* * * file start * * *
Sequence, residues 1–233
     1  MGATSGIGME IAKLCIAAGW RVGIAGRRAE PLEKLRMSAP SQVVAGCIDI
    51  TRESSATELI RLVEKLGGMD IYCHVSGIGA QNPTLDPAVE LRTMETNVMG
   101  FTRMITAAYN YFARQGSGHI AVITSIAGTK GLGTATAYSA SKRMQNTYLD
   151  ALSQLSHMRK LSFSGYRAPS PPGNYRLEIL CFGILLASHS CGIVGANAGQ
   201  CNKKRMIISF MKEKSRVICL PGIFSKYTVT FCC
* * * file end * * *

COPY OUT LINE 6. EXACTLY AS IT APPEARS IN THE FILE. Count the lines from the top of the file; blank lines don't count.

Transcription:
   201  CNKKRMIISF MKEKSRVICL PGIFSKYTVT FCC